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Generalised scaling in a male donkey. Author: Mark Craig. Editor: David Lloyd. © European Society of Veterinary Dermatology. History. 10-year-old entire male donkey First signs Reduced appetite, weight loss, generalised scaling In progress over a 3-month period Treatment by referring vet

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Generalised scaling in a male donkey l.jpg
Generalised scaling ina male donkey

Author: Mark Craig

Editor: David Lloyd

© European Society of Veterinary Dermatology

History l.jpg

  • 10-year-old entire male donkey

  • First signs

    • Reduced appetite, weight loss, generalised scaling

    • In progress over a 3-month period

  • Treatment by referring vet

    • Intramuscular penicillin/streptomycin daily for 10 days

    • No improvement

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Clinical signs 1 l.jpg
Clinical signs - 1

  • Generalised exfoliative erythroderma

  • Thin, depressed

  • Rectal temperature, pulse rate, respiratory rate normal

  • No peripheral lymphadenopathy

  • No oral lesions were present


Clinical signs 2 l.jpg
Clinical signs - 2

  • The donkey is thin and depressed

  • There is poor coat with generalised scaling


Clinical signs 3 l.jpg
Clinical signs - 3

Exfoliation and erythema of the scrotum

Periocular scaling and greasy matted hair around the eye


Clinical signs 4 l.jpg
Clinical signs - 4

Close up of scaling,

matting of coat and

underlying erythema


How would you approach this case l.jpg
How would youapproach this case?

  • What are the next steps you would take?

  • Make a list of your principle differential diagnoses

  • List any samples you would collect

  • List any tests you would perform to assist in making a definitive diagnosis


Differential diagnoses l.jpg
Differential diagnoses

  • Bacterial infection including dermatophilosis

  • Dermatophytosis

  • Pemphigus foliaceus, SLE

  • Drug eruption

  • Cutaneous lymphoma


Tests 1 l.jpg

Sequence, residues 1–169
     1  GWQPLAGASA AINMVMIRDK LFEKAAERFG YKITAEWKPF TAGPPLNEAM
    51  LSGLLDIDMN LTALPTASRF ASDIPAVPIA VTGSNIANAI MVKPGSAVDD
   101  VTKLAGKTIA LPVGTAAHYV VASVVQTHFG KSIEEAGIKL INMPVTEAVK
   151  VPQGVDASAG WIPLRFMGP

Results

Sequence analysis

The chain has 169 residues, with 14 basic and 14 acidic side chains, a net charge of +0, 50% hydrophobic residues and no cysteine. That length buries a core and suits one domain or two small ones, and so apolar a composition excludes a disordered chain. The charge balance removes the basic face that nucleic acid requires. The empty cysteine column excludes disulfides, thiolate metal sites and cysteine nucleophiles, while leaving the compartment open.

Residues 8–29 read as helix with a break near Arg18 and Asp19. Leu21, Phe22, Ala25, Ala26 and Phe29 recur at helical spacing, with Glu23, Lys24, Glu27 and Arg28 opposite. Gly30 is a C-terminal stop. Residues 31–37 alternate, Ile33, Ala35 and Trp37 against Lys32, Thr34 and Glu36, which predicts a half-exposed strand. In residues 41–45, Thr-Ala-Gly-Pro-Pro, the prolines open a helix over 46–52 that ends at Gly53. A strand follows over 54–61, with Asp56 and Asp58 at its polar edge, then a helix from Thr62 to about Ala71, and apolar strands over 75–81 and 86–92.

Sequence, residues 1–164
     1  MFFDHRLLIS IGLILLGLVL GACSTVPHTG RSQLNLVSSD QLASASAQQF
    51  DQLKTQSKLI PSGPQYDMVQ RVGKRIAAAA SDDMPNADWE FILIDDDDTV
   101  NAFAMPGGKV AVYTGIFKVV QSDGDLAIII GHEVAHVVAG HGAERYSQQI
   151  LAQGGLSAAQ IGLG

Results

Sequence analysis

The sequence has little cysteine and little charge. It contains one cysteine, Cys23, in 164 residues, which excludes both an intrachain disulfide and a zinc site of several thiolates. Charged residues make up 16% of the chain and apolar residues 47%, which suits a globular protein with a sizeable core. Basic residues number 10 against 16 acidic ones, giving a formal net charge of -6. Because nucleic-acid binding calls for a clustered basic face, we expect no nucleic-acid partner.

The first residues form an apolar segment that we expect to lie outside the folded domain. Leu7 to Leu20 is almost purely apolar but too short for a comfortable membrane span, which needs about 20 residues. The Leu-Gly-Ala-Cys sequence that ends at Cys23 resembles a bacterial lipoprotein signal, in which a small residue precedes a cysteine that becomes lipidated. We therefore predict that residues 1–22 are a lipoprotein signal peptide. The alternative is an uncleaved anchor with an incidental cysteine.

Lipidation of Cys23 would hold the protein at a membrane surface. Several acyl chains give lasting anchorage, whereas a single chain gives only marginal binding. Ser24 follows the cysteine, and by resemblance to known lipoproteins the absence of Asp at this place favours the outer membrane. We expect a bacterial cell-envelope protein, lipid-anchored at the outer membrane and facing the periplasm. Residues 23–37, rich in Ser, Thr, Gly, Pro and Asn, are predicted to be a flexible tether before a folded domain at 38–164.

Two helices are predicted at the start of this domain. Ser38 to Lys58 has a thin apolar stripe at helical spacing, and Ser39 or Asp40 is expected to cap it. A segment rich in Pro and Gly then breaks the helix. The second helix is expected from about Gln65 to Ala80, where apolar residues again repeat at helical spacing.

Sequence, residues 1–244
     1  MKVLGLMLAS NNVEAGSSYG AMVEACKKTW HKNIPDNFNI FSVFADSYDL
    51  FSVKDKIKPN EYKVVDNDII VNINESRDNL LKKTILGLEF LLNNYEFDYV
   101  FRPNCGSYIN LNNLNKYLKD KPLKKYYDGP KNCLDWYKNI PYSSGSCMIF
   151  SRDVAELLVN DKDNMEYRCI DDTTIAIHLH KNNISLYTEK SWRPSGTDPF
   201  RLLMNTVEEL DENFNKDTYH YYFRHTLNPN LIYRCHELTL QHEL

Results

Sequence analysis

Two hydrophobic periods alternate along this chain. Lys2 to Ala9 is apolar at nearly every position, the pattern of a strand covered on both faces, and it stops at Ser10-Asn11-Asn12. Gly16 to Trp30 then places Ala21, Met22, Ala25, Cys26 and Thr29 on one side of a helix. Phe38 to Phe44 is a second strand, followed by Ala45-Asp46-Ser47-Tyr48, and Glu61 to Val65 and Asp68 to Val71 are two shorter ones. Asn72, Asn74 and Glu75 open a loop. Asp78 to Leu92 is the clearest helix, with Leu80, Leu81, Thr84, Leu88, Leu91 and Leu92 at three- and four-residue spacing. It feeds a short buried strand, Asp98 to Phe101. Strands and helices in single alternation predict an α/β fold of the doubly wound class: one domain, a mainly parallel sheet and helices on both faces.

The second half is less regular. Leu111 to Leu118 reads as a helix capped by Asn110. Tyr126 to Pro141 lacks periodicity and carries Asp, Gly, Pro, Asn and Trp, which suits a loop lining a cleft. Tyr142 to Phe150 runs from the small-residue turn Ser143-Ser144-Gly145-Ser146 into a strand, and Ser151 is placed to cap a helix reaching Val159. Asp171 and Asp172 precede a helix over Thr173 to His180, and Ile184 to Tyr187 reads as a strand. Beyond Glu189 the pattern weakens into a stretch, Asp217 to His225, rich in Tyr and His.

Tests - 1

  • Skin scrapings

  • Blood tests: routine haematological and biochemical screens

  • Fungal culture of scale and hairs

  • Multiple skin biopsy samples


Tests 2 l.jpg
Tests - 2

  • Scrapings did not reveal ectoparasites or fungal structures

  • Scales/crusts were emulsified and smears examined for bacteria including Dermatophilus; no significant findings

  • Haematology: marked leukocytosis (35.1 x 103/mm3) with neutrophilia and lymphocytosis, slightly reduced RBC count.

  • Blood biochemistry: raised total protein, hyperglobulinaemia, raised ALP and CK


What now l.jpg
What now?

  • What treatment should you now institute, if any, whilst waiting for the fungal cultures and biopsy results?

  • What are now your principle differential diagnoses?

  • Are there any other samples you would collect?


Tests 3 l.jpg
Tests - 3

  • No immediate action taken

  • No parasites or evidence of dermatophytes demonstrated in scrapings

  • Smears failed to reveal significant bacteria

  • The leucocytosis (neutrophilia + lymphocytosis) were suggestive of possible bacterial infection but the blood biochemistry results were not diagnostic

  • Antibacterial therapy might have been instituted but was inhibited by cost and because no significant deterioration was expected before biopsy results were available


Results l.jpg



An interface dermatitis

pattern predominated,

possible indicating lupus or

a drug eruption


What is your diagnosis l.jpg
What is yourdiagnosis?

  • Do the investigations permit a definitive diagnosis?

  • Are there any additional investigations which you think may need to be done


Further steps l.jpg
Further steps

  • Consultation with the pathologist

  • The histological picture was not clear and the pathologist suggested a second opinion supported by immunohistochemical studies


Results16 l.jpg



Another view of the

histopathology showing

lichenoid infiltration and

microabscess formation with

predominantly mononuclear



Diagnosis l.jpg

  • Subsequent immunohistochemical studies showed a strong reaction to CD-3 of infiltrating cells.

  • A diagnosis of epidermotropic lymphoma was made


How would you deal with this case l.jpg
How would you deal with this case?

  • What is your prognosis?

  • How will you advise the owner?

  • What treatment would you consider?


Prognosis l.jpg

  • Prognosis is grave

    • Disease is fatal

    • Steroids and cytotoxic drugs are unlikely to be helpful

    • Euthanasia was carried out


Review l.jpg

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